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[2] A proof of the charm of his discourse may be found in an incident of his consulship connected with the public spectacles. In earlier times, it seems, the men of the equestrian order were mingled with the multitudes in the theatres and saw the spectacles along with the people, seated as chance would have it; Marcus Otho was the first to separate in point of honour the knights from the rest of the citizens, which he did when he was praetor,1 and gave them a particular place of their own at the spectacles, which they still retain.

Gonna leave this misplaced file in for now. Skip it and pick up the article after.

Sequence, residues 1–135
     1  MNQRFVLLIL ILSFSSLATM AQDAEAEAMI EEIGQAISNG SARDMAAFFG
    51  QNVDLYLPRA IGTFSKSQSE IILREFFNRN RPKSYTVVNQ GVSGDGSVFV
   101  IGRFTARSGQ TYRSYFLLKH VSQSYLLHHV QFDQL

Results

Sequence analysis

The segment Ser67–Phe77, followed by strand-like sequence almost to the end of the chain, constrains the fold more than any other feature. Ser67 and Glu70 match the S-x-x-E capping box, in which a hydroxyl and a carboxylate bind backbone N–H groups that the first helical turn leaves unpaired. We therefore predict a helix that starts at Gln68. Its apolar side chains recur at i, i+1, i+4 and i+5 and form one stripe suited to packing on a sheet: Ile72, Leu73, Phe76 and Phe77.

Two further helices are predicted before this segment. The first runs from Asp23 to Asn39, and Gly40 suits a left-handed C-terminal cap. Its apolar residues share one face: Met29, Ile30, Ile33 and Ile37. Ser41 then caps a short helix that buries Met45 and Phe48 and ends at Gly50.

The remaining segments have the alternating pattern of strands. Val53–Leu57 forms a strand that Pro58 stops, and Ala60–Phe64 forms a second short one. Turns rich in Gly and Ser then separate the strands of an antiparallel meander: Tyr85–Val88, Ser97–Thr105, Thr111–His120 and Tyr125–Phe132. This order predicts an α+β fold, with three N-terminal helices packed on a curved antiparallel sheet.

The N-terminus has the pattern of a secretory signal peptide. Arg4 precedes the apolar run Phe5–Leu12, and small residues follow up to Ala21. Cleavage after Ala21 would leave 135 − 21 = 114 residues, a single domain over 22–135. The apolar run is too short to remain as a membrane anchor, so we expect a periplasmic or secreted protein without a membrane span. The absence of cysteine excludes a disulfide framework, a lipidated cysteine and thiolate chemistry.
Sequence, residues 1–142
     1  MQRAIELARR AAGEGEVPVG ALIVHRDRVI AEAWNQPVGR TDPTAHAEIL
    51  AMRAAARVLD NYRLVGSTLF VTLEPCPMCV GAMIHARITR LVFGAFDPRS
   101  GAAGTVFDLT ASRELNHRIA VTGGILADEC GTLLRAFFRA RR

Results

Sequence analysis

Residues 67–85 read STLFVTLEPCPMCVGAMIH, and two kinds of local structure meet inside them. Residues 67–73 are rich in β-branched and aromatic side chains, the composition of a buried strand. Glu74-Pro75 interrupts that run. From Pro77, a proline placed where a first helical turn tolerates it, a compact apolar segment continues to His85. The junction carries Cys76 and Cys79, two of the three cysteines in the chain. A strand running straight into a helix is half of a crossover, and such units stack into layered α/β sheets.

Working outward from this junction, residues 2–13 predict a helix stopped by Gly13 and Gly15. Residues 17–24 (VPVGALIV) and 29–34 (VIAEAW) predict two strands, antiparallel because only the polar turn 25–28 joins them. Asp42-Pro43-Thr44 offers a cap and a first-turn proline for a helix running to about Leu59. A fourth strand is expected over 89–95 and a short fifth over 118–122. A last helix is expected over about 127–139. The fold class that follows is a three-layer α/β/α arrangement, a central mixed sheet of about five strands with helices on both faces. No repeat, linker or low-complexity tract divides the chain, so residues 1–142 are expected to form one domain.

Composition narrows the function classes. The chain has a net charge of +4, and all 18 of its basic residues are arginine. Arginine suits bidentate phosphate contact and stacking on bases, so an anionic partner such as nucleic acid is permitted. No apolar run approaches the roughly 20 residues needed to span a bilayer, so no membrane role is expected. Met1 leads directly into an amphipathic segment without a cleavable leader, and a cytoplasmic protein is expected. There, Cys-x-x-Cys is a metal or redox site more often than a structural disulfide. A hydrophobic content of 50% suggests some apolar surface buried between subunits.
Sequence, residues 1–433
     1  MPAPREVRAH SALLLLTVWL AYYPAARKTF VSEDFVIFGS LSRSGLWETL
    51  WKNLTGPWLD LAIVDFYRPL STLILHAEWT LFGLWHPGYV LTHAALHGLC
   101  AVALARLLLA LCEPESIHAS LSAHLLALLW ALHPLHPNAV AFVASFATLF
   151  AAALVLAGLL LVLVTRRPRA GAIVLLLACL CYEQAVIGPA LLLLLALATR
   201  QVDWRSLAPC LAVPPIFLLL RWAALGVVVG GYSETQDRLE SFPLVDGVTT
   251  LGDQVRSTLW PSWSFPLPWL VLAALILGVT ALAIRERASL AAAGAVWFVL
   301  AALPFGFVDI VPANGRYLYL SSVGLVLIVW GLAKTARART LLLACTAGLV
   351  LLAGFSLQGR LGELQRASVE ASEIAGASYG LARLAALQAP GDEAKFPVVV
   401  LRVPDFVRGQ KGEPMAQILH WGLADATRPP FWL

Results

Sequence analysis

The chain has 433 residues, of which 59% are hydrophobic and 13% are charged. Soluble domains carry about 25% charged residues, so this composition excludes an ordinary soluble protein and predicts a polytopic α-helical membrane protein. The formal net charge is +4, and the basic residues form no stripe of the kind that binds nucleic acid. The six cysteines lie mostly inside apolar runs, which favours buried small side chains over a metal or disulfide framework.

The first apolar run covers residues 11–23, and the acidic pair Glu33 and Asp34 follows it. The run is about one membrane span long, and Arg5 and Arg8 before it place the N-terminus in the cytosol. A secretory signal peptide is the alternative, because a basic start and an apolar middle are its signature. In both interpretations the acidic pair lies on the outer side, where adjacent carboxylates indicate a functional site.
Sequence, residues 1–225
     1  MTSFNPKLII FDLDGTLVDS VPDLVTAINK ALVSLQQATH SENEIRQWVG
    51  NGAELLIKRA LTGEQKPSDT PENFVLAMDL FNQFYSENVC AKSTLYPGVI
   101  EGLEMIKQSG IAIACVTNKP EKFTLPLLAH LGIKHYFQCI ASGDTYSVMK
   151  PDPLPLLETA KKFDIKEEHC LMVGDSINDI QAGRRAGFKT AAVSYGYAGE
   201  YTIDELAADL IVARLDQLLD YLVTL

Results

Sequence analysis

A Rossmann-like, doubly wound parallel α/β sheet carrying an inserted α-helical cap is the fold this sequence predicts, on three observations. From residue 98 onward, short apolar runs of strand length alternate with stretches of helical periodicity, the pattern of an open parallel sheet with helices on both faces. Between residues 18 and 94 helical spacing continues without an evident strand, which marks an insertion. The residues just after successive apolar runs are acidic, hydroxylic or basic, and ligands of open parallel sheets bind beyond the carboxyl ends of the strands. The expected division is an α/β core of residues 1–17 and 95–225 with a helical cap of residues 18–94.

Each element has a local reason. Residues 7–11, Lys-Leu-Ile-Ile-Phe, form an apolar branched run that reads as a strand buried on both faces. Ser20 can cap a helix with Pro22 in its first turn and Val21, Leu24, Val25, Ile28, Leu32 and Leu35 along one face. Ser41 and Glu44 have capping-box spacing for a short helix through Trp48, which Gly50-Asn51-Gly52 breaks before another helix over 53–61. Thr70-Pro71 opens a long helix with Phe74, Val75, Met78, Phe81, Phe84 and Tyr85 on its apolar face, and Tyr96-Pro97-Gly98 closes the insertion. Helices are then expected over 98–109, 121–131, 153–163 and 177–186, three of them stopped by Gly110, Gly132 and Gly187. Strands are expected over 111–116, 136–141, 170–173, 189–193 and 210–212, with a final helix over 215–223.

1 It was in 67 B.C., four years before Cicero's consulship, that Lucius Roscius Otho, as tribune of the people, introduced his law giving the equites a special place at the spectacles, namely, the fourteen rows of seats next those of the senators. The law, however, had only recently been enacted.

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